14. Graves JL Jr, Tajkarimi M, Cunningham Q, Campbell A, Nonga H, Harrison SH, Barrick JE (2015) Rapid evolution of silver nanoparticle resistance in Escherichia coli. Front Genet 6:42CrossRefPubMedPubMedCentralGoogle Scholar
  15. Hall-Stoodley L, Costerton JW, Stoodley P (2004) Bacterial biofilms: from the natural environment to infectious diseases. Nat Rev Microbiol 2(2):95–108CrossRefPubMedGoogle Scholar
  16. Herron MD, Doebeli M. 2013. Parallel evolutionary dynamics of adaptive diversification in Escherichia coli. PLoS Biol 11(2):e1001490. CrossRefPubMedPubMedCentralGoogle Scholar
  17. Hobman JL, Crossman LC. 2015. Bacterial antimicrobial metal ion resistance. J Med Microbiol 64(5):471–497CrossRefPubMedGoogle Scholar
  18. Hoegler KJ, Hecht MH (2016) A de novo protein confers copper resistance in Escherichia coli. Protein Sci 25:1249–1259CrossRefPubMedPubMedCentralGoogle Scholar
  19. Hughes D, Andersson DI (2015) Evolutionary consequences of drug resistance: shared principles across diverse targets and organisms. Nat Rev Genet 16:459–471CrossRefPubMedGoogle Scholar
  20. Jensen RA (1976) Enzyme recruitment in evolution of new function. Ann Rev Microbiol 30(1):409–425CrossRefGoogle Scholar
  21. Jerez CA. (2013) Molecular characterization of copper and cadmium resistance determinants in the biomining thermoacidophilic archaeon Sulfolobus metallicus. Archaea 2013Google Scholar
  22. Jozefczak M, Remans T, Vangronsveld J, Cuypers A (2012) Glutathione is a key player in metal-induced oxidative stress defenses. Int J Mol Sci 13(3):3145–3175CrossRefPubMedPubMedCentralGoogle Scholar
  23. Kacar B, Gaucher EA (2012) Towards the recapitulation of ancient history in the laboratory: combining synthetic biology with experimental evolution. Artif Life 13:11–18Google Scholar
  24. Kitagawa M, Ara T, Arifuzzaman M, Ioka-Nakamichi T, Inamoto E, Toyonaga H, Mori H (2006) Complete set of ORF clones of Escherichia coli ASKA library (a complete set of E. coli K-12 ORF archive): unique resources for biological research. DNA Res 12(5):291–299CrossRefGoogle Scholar
  25. Lemire JA, Harrison JJ, Turner RJ (2013) Antimicrobial activity of metals: mechanisms, molecular targets and applications. Nat Rev Microbiol 11(6):371–384CrossRefPubMedGoogle Scholar
  26. Levin BR, Baquero F, Johnsen PJ (2014) A model-guided analysis and perspective on the evolution and epidemiology of antibiotic resistance and its future. Curr Opin Microbiol 19:83–89CrossRefPubMedPubMedCentralGoogle Scholar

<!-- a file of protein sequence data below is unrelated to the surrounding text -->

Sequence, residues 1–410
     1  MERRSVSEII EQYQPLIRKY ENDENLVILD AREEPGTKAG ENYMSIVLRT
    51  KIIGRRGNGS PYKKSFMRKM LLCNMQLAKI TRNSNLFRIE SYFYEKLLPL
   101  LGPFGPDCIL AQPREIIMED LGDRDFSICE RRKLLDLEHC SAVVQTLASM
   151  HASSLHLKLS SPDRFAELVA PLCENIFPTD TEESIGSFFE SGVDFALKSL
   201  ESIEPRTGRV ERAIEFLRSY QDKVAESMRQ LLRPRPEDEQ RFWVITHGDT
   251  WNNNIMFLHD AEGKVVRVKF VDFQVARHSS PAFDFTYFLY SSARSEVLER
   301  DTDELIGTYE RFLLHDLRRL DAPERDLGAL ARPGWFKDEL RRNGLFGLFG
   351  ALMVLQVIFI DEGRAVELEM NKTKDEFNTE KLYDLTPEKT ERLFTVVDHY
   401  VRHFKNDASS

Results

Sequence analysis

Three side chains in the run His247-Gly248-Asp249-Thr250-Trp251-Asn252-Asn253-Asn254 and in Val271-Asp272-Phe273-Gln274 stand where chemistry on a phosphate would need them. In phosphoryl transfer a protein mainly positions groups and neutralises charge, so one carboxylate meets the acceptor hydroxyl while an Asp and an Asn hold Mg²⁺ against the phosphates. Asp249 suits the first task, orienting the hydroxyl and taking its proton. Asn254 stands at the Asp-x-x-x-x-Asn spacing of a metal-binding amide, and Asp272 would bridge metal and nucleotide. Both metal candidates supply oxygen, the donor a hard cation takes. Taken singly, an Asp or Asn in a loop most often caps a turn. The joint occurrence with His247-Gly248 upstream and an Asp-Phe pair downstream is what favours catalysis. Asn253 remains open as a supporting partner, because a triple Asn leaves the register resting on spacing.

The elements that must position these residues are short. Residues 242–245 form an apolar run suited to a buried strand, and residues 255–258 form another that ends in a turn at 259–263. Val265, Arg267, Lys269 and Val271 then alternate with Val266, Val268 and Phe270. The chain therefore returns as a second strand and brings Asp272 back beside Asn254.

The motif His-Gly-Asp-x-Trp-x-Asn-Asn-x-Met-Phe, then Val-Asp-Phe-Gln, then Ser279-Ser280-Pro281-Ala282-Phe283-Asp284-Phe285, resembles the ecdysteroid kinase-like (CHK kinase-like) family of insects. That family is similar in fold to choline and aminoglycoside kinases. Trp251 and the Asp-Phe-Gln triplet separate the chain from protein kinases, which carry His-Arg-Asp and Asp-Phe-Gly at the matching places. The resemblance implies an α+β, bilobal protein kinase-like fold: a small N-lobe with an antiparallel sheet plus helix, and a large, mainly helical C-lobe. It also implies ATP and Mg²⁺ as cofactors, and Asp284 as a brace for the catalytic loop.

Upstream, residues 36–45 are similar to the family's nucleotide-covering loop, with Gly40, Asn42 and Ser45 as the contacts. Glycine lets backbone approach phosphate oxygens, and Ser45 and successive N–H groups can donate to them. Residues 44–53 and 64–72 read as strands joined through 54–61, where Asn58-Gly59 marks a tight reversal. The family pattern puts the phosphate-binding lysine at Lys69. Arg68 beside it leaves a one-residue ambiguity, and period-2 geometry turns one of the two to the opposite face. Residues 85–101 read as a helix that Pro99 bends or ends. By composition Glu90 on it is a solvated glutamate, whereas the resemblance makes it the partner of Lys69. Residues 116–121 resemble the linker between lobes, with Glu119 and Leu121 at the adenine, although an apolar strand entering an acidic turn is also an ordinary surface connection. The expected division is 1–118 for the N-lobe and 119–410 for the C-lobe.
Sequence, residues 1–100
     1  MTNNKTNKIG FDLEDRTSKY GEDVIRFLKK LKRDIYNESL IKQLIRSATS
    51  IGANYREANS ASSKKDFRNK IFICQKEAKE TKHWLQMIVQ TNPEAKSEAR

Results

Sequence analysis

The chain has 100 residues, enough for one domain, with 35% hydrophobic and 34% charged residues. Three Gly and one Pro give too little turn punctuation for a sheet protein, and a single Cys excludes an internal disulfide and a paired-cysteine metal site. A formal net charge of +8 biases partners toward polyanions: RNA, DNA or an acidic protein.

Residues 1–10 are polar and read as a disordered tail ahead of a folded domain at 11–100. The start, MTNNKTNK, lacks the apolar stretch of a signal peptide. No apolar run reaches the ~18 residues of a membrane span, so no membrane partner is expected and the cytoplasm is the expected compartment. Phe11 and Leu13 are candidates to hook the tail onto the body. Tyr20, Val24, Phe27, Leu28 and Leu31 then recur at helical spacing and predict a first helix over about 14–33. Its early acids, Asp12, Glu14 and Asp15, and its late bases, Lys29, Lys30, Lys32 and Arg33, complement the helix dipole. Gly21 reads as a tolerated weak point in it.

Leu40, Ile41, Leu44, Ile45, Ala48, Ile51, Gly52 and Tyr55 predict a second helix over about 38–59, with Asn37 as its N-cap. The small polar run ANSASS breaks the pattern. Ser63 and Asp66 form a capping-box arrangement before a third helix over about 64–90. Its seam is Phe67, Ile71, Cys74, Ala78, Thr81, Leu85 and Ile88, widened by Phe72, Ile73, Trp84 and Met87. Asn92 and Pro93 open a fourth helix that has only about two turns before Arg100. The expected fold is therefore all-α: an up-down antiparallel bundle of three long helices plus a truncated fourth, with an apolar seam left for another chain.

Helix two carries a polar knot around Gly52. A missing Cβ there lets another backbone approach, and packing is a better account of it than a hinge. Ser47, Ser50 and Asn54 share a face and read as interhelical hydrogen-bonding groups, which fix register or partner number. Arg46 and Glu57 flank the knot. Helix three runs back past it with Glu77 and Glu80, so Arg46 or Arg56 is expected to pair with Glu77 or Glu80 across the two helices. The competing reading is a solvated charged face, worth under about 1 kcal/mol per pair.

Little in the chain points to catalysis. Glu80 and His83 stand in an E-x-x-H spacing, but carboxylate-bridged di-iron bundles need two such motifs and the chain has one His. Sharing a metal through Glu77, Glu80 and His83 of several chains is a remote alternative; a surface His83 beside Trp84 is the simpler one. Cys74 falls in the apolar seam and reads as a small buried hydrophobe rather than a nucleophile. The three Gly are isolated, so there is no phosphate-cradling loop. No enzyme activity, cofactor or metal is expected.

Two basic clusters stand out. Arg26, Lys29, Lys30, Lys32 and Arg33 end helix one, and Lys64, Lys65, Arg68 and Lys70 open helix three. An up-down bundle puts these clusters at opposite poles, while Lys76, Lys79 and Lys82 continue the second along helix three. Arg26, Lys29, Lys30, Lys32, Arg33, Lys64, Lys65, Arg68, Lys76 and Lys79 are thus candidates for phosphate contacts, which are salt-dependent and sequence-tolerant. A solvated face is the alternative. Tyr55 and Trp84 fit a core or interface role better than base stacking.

27. Lok CN, Ho CM, Chen R, Tam PK, Chiu JF, Che CM (2008) Proteomic identification of the Cus system as a major determinant of constitutive Escherichia coli silver resistance of chromosomal origin. J Proteome Res 7(6):2351–2356CrossRefPubMedGoogle Scholar
  28. Montealegre MC, Roh JH, Rae M, Davlieva MG, Singh KV, Shamoo Y, Murray BE (2017) Differential penicillin-binding protein 5 (PBP5) levels in the Enterococcus faecium clades with different levels of ampicillin resistance. Antimicrob Agents Chemother 61:e02034-16CrossRefPubMedGoogle Scholar
  29. Näsvall J, Sun L, Roth JR, Andersson DI (2012) Real-time evolution of new genes by innovation, amplification, and divergence. Science 338(6105):384–387CrossRefPubMedPubMedCentralGoogle Scholar
  30. Nies DH, Silver S (2007) Molecular microbiology of heavy metals, Vol 6, Springer, Berlin, pp 118–142CrossRefGoogle Scholar
  31. Notebaart RA, Kintses B, Feist AM, Papp B (2018) Underground metabolism: network-level perspective and biotechnological potential. Curr Opin Biotechnol 49:108–114CrossRefPubMedGoogle Scholar
  32. Ohno S (2013) Evolution by gene duplication. Springer, New YorkGoogle Scholar
  33. Patrick WM, Quandt EM, Swartzlander DB, Matsumura I (2007) Multicopy suppression underpins metabolic evolvability. Mol Biol Evol 24(12):2716–2722CrossRefPubMedPubMedCentralGoogle Scholar
  34. Randall CP, Gupta A, Jackson N, Busse D, O’Neill AJ (2015) Silver resistance in Gram-negative bacteria: a dissection of endogenous and exogenous mechanisms. J Antimicrob Chemother 70:1037–1046PubMedPubMedCentralGoogle Scholar
  35. Soo VW, Hanson-Manful P, Patrick WM (2011) Artificial gene amplification reveals an abundance of promiscuous resistance determinants in Escherichia coli. Proc Natl Acad Sci USA 108(4):1484–1489CrossRefGoogle Scholar
  36. Tajkarimi M, Rhinehardt K, Thomas M, Ewunkem JA, Campbell A, Boyd S, Turner D, Harrison SH, Graves JL (2017) Selection for ionic- confers silver nanoparticle resistance in Escherichia coli. JSM Nanotechnol Nanomed 5(1):1047Google Scholar

Copyright information

© Springer Science+Business Media, LLC, part of Springer Nature 2018

Authors and Affiliations

  1. 1.Departments of Chemistry and Molecular BiologyPrinceton UniversityPrincetonUSA

Personalised recommendations